By Peter Rejcek, science writer
Most people consume too much salt in their diet, leading to high blood pressure and other health issues. Researchers have discovered a novel way to enhance the saltiness, and even potentially the savoriness, of low-sodium food using electrical stimulation of the tongue through a chopstick-shaped utensil. The concept has applications in other fields, such as stimulating taste as part of a virtual reality experience.
An estimated 2.5m deaths each year could be prevented globally if individuals cut back their salt consumption to the recommended daily intake of less than five grams, according to the World Health Organization (WHO). Now, Japanese researchers may have found a healthier way for people to enjoy the full flavor of salty foods while still adhering to a low-sodium diet.
Scientists at Meiji University and Kirin, a Japanese food and beverage company, have developed a chopstick-like device that uses a weak electrical charge to stimulate how the tongue experiences saltiness. The research is published in the journal Frontiers in Virtual Reality.
Previous studies have described how introducing a weak electrical current to the tongue can affect the charged ions that make up sodium chloride to either inhibit or enhance saltiness and other taste sensations. The new paper is the first to investigate the extent to which individuals following a low-sodium diet can use electric taste stimulation to cut back on salt intake.
“Many people consume around twice the salt intake standard recommended by the WHO,” said lead author Yoshinobu Kaji, a master’s student in the Graduate School of Advanced Mathematical Sciences at Meiji University.
“This standard cannot be met with a little effort in salt reduction, and a drastic solution is essential. This study is an important approach because it suggests that a 30% reduction in salt can be achieved by electrical stimulation.”
Kaji and his colleagues – Homei Miyashita, a professor at the Department of Frontier Media Science in Meiji University’s School of Interdisciplinary Mathematical Sciences, and Ai Sato with Kirin – first designed an electrical stimulation waveform with an amplitude and frequency optimized to enhance low-sodium foods. They gently zapped their own taste buds before testing the effects of the electrified chopsticks in an experiment involving 31 people previously or currently on a low-sodium diet.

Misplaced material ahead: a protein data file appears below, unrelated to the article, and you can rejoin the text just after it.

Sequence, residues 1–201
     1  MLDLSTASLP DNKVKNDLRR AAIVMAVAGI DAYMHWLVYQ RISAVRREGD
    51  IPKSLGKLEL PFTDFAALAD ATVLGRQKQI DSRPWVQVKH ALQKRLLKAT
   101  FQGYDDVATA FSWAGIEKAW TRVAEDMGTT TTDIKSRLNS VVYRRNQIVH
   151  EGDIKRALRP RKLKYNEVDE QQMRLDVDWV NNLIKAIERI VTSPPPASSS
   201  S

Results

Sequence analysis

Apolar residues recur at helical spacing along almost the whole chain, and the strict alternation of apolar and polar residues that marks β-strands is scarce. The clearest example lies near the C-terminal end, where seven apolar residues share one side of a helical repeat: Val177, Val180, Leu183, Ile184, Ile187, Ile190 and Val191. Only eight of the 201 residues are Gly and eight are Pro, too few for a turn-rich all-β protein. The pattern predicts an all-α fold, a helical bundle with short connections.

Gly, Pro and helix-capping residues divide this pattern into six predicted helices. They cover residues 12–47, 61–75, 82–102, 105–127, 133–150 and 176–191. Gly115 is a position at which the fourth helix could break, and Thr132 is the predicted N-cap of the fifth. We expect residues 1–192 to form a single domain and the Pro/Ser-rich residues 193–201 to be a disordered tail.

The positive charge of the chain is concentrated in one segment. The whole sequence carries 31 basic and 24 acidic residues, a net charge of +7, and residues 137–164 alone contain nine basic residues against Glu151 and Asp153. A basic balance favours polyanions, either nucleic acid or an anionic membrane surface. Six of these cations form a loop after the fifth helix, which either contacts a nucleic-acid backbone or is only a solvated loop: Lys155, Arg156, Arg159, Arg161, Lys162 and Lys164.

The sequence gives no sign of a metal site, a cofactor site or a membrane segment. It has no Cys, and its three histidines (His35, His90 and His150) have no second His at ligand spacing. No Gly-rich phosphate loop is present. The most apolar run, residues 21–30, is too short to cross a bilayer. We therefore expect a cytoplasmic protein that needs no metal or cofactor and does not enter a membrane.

Each person tasted and rated the saltiness of several saltwater gel samples that had two different levels of saltiness. The results showed that electric stimulation enhanced the saltiness of the low-sodium sample, making it comparable to the control sample, which was 40% or more saltier. In other words, electrified chopsticks or other utensils could reduce salt intake by 30% without sacrificing saltiness. More than 80% of subjects said they could tolerate the electric stimulation on a daily basis.
In a second qualitative experiment, the participants consumed a low-sodium miso soup, which many found had a better mouthfeel and taste, suggesting that electric taste stimulation may also affect umami, according to the paper. Umami is a fifth sensory taste often described as savoriness.
From diet to virtual reality
The long-term goal is to develop a commercially available chopstick-shaped device for daily use by those following a low-sodium diet or trying to reduce their salt intake, according to Kaji. Most people consume about twice the recommended maximum level, meaning such a utensil could help reduce health conditions like high blood pressure.
In addition, the researchers at Miyashita’s lab at Meiji University are investigating applications in other fields, such as stimulating taste as part of a virtual reality experience.
“In the future, for example, it may be possible to virtually reproduce the taste of food and drink, or to realize taste expressions that are difficult to achieve with conventional eating experiences,” Kaji said.
REPUBLISHING GUIDELINES: Open access and sharing research is part of Frontiers’ mission. Unless otherwise noted, you can republish articles posted in the Frontiers news site — as long as you include a link back to the original research. Selling the articles is not allowed.